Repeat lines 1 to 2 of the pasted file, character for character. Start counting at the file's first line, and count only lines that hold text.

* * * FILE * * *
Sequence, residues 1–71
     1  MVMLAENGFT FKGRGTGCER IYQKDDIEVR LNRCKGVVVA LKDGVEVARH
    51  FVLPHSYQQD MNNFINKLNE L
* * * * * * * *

Sequence, residues 1–71
     1  MVMLAENGFT FKGRGTGCER IYQKDDIEVR LNRCKGVVVA LKDGVEVARH